IF OUTDOORS - Stay outside and, if possible, move away from buildings, signs, trees, power lines and street lights.
IF IN A MOVING VEHICLE - Stop as quickly and safely as you can!
-- Try not to stop near buildings, trees, overpasses, or power lines and stay in vehicle until shaking stops.
-- Watch for road and bridge damage and be ready for aftershocks once you drive again.
If you are trapped in an area:
AFTER AN EARTHQUAKE:
Aftershocks - Usually not as strong but can cause more damage to weakened structures and may continue for days, months or even years.
Injuries - Check yourself and people around you for injuries - do not try to move seriously injured people unless they are in danger. If you must move a person who is passed out keep their head and neck still and call for help, if possible.
Light - Never use candles, matches or lighters since there might be gas leaks. Use flashlights or battery powered lanterns.
Check chimney - First check from a distance to see if chimney looks normal and have a professional check it if it looks strange. Check out the Chimney Safety Institute of America’s homeowner tips at http://www.csia.org
Clean up - Any flammable liquids (bleaches, gasoline, etc.) should be cleaned up immediately.
Inspect - Check all utility lines and appliances for damage:
Water - If water is cut off or contaminated then use water from your Disaster Supplies Kit or other clean water sources.
Power - If you use a generator, keep it outside and follow manufacturer’s instructions.
Phones - Keep calls to a minimum to report emergencies since most lines will be down.
Listen - Keep up on news reports for the latest information.
Things to avoid:
Tsunami - If you live near the coast, a tsunami can crash into the shorelines so listen for warnings by local authorities.
RED or GREEN sign in window – After a disaster, Volunteers and Emergency Service personnel will be going door-to-door to check on people. By placing a sign in your window that faces the street near the door, you can let them know if you need them to STOP HERE or MOVE ON. Either use a piece of RED or GREEN construction paper or draw a big RED or GREEN “X” (using a crayon or marker) on a piece of paper and tape it in the window.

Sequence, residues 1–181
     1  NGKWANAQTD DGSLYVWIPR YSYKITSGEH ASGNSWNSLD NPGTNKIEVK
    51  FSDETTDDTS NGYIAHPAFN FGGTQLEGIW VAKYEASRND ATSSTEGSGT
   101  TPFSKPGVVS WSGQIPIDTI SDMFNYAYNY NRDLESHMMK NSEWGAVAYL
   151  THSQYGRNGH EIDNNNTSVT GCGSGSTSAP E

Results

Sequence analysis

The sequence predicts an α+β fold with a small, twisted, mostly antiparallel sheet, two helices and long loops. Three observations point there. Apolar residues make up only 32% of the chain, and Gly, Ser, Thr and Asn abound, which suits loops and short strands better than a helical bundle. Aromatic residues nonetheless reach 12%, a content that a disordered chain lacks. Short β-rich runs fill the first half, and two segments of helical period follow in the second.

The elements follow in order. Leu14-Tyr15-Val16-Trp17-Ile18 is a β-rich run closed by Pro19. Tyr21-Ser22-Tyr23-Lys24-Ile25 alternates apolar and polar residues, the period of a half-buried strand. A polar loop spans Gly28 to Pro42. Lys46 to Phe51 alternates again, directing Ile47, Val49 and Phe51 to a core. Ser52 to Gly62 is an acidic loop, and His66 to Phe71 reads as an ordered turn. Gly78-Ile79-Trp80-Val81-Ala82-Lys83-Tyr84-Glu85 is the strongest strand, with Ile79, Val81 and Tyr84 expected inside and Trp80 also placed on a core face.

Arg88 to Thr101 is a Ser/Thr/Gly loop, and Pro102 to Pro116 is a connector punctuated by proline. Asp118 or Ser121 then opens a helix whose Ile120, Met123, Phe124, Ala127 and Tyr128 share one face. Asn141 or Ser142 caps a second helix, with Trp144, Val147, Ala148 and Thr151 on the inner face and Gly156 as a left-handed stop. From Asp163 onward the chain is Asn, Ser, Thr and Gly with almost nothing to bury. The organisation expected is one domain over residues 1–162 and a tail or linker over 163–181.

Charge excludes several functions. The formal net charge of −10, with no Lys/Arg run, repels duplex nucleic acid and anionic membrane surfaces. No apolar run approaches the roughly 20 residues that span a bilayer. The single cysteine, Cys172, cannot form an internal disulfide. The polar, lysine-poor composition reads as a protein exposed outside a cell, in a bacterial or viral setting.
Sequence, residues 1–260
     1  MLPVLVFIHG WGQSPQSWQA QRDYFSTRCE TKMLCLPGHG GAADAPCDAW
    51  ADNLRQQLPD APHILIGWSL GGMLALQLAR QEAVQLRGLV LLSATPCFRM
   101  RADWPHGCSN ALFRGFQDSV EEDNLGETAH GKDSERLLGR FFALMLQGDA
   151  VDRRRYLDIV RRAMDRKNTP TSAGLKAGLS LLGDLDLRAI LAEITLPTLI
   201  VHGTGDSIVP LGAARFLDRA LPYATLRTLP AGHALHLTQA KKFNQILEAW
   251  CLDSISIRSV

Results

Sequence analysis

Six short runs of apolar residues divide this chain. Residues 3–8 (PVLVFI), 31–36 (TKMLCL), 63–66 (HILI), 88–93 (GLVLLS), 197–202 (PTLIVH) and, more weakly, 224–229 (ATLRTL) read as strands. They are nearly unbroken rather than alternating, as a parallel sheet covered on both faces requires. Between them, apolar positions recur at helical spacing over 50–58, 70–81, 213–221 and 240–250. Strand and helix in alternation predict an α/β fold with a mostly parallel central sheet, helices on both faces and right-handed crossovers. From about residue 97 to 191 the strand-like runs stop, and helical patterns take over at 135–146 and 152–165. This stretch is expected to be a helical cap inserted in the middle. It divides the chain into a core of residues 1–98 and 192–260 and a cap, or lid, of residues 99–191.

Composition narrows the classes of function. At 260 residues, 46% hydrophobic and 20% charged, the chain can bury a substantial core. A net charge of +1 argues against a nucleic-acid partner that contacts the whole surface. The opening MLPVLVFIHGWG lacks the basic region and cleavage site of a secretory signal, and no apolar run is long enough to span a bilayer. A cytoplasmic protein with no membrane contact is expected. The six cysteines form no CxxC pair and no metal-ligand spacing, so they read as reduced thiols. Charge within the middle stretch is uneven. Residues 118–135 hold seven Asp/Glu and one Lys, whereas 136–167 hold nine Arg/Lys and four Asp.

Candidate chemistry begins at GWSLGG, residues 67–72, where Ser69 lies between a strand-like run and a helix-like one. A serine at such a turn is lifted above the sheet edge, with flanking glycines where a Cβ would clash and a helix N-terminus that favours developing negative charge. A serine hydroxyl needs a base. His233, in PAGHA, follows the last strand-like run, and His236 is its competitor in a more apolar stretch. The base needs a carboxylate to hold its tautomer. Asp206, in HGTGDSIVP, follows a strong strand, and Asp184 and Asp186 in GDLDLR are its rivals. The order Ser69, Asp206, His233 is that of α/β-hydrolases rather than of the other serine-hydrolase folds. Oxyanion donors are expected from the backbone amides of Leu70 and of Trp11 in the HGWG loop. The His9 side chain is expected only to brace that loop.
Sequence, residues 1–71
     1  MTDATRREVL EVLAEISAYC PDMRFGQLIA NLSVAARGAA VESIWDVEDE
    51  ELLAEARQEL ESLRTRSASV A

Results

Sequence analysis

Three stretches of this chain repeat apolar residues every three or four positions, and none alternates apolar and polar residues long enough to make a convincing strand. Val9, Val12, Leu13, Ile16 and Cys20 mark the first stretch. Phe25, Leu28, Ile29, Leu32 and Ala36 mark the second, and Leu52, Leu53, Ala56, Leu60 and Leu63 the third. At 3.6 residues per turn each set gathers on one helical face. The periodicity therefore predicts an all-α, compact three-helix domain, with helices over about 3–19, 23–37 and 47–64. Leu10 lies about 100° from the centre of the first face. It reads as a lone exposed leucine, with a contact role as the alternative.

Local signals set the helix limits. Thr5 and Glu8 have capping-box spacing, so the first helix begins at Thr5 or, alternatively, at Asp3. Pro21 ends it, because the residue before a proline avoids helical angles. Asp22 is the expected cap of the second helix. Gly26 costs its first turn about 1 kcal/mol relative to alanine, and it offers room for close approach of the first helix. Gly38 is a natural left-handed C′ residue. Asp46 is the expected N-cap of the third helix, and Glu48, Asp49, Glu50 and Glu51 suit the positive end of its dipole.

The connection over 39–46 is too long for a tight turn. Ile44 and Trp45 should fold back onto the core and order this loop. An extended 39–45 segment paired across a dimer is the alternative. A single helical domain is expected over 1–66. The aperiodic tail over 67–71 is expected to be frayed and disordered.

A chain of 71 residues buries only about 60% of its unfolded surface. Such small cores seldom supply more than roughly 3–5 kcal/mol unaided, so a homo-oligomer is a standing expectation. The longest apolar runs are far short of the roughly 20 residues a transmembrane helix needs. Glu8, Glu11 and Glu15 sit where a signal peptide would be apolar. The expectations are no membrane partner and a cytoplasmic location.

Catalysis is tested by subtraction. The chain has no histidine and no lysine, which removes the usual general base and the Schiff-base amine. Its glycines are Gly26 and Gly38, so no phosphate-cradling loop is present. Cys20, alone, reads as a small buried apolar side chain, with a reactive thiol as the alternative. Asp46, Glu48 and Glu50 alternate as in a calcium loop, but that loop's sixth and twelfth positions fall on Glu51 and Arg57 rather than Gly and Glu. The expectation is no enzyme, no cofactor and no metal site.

-- RED means STOP HERE!
-- GREEN means EVERYTHING IS OKAY…MOVE ON!
-- Nothing in the window would also mean STOP HERE!
What to wear – Use sturdy work boots and gloves.
Check outside first - Before you go inside, walk around outside to check for loose power lines, gas leaks, and structural damage.
Use a flashlight - There may be gas or other flammable materials in the area so use a battery-operated flashlight (do not use oil, gas lanterns, candles or torches and don’t smoke!)
Things to check - Some things you want to do first…
Take & share pics - If you have a camera phone, take shots of the damage to your home or place of business since it may take days before an adjuster gets there. It can also be a way to share updates with neighbors who aren’t able to get to the site. The photos could also be uploaded to First Responders and/or media to help prioritize the response efforts.
Call a professional - If you have any doubts about the safety of your home, contact a professional inspector.
Above from IT'S A DISASTER! …and what are YOU gonna do about it? book (proceeds benefit USFRA) - learn more
For more info and to monitor earthquake activity…
USGS Earthquake Hazards Program http://earthquake.usgs.gov/earthquakes/
Southern California Earthquake Center http://www.scec.org/education/
St Louis Univ Earthquake Center http://www.eas.slu.edu/Earthquake_Center/
Arkansas Center for Earthquake Education and Technology Transfer http://quake.ualr.edu/
Also review some Tsunami safety tips here on USFRA at www.usfra.org/group/disasterpreparedness/forum/topics/tsunami-safet...